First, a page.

All the traffic was from Washington and the other Army Post in the Fourth Corp Area, as well as some from other areas in the States and some from overseas. All traffic from overseas, most from Army posts outside our command, was relayed thru WAR in Washington to WVR Atlanta and then the individual Army posts in the Fourth Corps Area. We also had to handle some veterans Admm messages. As we had a Veteran hospital near, when WVR called me and said "here stack", I sent K ("go ahead"). He started sending twice as fast as I could put out a solid copy. I broke him and asked him to slow down. His answer was, quote, "You don't want to be a Lid (lousy operator) the rest of your life, do you?" He continued sending out at the same speed. I copied about 100 messages with misspelled words and some with just enough letters for me to know what the word was. After he cleared all traffic with me, I had to retype most of it. The operator sending to me was LC (his personal sign). I will mention him later.

I did the same thing every night, but after the third or fourth night I was turning out some solid copies that didn't have to be retyped. My sending and receiving ability continued to improve, and I had no problem handling anything that was thrown at me.

Our two detached service operators were sent back to their home station. That left us with only the Chief, TW (the operator that was transferred from Barksdale with me), and myself. The Chief only worked the day shift, so TW and I had to take the heavy load at night. TW was one of the best radio operators I ever worked with, but he had a problem--Old Man Barley Corn. On payday, he would dress up in a blue serge suit and go to town. He would stay drunk until he ran out of money. I would cover for him and work his as well as my shift. When he came back, I would loan him a buck or two so he could buy cigs and a couple or so bottles of beer to sober up on. After he had shaved and cleaned up, he would come in and take over my shift until he paid me back the time I worked for him. He was picked up by the MPs numbers of times, and the C.O. would get him off. He finally threw one too many, and the Post Commander pressed charges against him, and he got thirty days in the brig. I would take cigarettes and pass them to him through the stockade fence. His thirty days were up just a few weeks before Pearl Harbor. About then, I came down with a bad case of the flu and the doc put me in the hospital. When I was almost well and ready to return to duty, I got orders to ship out to Iceland. My C.O. came over to talk to me about TW taking my place on the Iceland orders. He had asked the Major to let him take my place if possible. I wanted to go overseas, but I wasn't crazy about going to Iceland. I told the C.O. it would be ok with me. We bid TW farewell and went back to our rat killing. This put me permanently assigned to the night shift. One night WVR called me and said "here stack." He started sending his traffic to me, and it was over a hundred messages. I didn't break or ask for a repeat on the entire amount. After I acknowledged for the messages he asked me if I was the same GB that asked him to slow down a month or so ago. When I told him yes, he asked if I remembered him telling me that I didn't want to be a Lid the rest of my life. That made me feel good, because LC was one of the best and didn't hand out compliments unless he meant it. By this time I had moved my bunk and clothes into a small room adjoining the radio room. I liked this arrangement fine, except I had to go back to the barracks to take my daily shower.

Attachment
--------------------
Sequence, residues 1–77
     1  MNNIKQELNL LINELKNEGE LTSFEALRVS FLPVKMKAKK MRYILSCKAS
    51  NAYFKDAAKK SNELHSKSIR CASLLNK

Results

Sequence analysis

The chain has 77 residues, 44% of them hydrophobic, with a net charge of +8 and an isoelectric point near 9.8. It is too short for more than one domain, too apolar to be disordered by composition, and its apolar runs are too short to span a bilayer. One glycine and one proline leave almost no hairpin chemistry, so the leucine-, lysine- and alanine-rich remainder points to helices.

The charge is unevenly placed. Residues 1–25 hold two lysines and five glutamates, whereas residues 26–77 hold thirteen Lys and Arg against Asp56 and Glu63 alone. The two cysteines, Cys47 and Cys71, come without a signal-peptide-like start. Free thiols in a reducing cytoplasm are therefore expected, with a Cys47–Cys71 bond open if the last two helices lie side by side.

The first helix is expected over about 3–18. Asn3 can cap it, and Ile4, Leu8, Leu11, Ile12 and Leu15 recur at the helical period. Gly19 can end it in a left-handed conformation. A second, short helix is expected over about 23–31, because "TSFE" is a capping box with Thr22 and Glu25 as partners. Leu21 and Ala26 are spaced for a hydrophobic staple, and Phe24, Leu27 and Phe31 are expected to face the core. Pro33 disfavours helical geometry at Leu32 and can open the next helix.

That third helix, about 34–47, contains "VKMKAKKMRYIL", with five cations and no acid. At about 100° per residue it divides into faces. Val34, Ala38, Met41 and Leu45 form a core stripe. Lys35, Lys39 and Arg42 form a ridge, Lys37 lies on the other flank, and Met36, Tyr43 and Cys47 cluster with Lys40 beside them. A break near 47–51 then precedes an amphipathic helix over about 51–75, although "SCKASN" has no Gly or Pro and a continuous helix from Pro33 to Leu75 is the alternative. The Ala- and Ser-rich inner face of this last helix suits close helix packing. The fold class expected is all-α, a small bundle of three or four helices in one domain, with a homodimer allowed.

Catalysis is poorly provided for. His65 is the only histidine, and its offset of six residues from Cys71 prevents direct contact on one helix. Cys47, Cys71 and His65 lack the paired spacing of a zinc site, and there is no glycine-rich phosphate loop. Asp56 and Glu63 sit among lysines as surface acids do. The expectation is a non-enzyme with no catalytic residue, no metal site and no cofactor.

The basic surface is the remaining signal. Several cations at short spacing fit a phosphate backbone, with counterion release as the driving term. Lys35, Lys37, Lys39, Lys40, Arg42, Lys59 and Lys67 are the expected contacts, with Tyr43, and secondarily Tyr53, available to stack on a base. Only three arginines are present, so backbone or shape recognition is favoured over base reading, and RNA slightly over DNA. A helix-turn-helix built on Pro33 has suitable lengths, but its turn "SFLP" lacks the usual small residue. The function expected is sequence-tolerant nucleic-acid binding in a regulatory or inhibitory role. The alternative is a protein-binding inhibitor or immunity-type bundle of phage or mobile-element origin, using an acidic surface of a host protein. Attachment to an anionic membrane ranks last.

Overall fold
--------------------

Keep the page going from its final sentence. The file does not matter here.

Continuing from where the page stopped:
(to be continued)

Read Part Four Here
Read Part Five Here
Read Part Six Here
Read Part Seven Here